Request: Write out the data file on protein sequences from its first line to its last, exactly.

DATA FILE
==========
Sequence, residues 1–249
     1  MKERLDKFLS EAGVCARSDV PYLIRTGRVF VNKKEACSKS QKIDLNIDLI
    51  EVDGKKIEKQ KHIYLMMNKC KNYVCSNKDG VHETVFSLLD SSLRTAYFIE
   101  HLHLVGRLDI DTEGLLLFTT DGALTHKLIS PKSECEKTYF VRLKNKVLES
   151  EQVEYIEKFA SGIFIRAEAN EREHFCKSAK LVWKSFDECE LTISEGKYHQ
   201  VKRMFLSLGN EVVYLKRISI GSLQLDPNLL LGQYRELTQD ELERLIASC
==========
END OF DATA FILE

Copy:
Sequence, residues 1–249
     1  MKERLDKFLS EAGVCARSDV PYLIRTGRVF VNKKEACSKS QKIDLNIDLI
    51  EVDGKKIEKQ KHIYLMMNKC KNYVCSNKDG VHETVFSLLD SSLRTAYFIE
   101  HLHLVGRLDI DTEGLLLFTT DGALTHKLIS PKSECEKTYF VRLKNKVLES
   151  EQVEYIEKFA SGIFIRAEAN EREHFCKSAK LVWKSFDECE LTISEGKYHQ
   201  VKRMFLSLGN EVVYLKRISI GSLQLDPNLL LGQYRELTQD ELERLIASC